This is just not true. God loves us the same and even if he changes the method he uses to demonstrate that love that still does not provide any evidence that God changes. That author further states:

Ironically, the unchanging nature of God is the very thing that causes God to be constantly changing— because love always grows, changes, and surprises us in beautiful ways.

He now states that God doe snot understand love and needs to learn how to do it correctly. That makes God on the level of human and sinful. It infers that God makes mistakes and needs to learn from them. That is heresy and not inline with whom God is.

No God does not change and if we look closely at how the Bible describes God we will see that he isn’t like a human who needs to learn. He is omniscient so there is nothing about love he does not already know. The people who write those type of articles forget these little details and decide to make God fallible instead of the infallible Being he really is. They want a God like them not like who God is, perfect, holy, superior to all, all-knowing and who never changes. They want a god who makes mistakes because that makes them feel better about themselves and that they feel they can relate to a human god better than a divine, holy One.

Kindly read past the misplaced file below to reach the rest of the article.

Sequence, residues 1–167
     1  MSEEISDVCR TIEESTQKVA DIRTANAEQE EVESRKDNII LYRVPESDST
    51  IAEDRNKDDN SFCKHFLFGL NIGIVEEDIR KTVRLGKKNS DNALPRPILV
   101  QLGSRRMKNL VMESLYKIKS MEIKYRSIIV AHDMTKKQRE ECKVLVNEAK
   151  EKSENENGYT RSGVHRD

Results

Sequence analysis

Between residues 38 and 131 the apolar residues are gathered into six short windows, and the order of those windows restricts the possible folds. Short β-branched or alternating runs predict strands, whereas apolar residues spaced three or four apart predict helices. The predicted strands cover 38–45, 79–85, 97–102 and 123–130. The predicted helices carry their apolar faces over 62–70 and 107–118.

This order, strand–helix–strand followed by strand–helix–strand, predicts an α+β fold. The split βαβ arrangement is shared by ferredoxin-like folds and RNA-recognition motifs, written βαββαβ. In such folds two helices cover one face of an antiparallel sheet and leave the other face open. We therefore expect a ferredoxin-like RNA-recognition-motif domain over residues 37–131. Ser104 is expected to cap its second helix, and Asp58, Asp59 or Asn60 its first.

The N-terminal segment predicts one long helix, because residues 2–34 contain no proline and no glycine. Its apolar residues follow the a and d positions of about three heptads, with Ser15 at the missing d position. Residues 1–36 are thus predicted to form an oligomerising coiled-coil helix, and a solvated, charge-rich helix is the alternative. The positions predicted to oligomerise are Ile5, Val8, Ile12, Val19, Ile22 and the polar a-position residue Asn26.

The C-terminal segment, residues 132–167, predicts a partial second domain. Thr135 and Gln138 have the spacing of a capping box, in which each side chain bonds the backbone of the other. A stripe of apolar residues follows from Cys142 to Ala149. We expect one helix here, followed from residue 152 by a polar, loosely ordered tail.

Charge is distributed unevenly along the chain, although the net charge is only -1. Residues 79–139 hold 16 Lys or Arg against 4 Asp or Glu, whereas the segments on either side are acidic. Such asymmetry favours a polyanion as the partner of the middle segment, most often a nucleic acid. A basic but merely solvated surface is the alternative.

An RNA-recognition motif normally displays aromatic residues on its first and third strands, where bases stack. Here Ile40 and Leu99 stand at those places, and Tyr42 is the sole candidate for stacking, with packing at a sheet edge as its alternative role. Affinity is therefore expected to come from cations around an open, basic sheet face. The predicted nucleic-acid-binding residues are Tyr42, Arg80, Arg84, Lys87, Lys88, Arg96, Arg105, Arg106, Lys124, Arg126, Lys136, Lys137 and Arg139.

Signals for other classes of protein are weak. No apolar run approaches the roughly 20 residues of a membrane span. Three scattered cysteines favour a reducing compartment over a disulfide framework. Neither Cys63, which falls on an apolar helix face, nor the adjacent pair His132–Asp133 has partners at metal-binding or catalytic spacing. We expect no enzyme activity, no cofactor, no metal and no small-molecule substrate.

And here’s where that ultimately matters: the Bible invites us to be imitators of God, and God it seems, is always asking: “What’s the most loving choice out of all the options available to me?”

The concluding words of that article provide support for that final point. The final question is also heresy as that is not what God is asking us to do. We have in 1 Peter, the words ‘be ye holy because I am holy’ which is vastly different from the idea proposed by that author in that quote. Being holy does not mean we do not love, it means that we do not sin in our activities, even when we have to discipline our children or false teachers.

No God never changes for if he did, then he would not be holy and could not ask us to follow suit.

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Posted by on March 1, 2016 in academics, Bible, church, comparative religions, education, faith, family, General Life, leadership, theology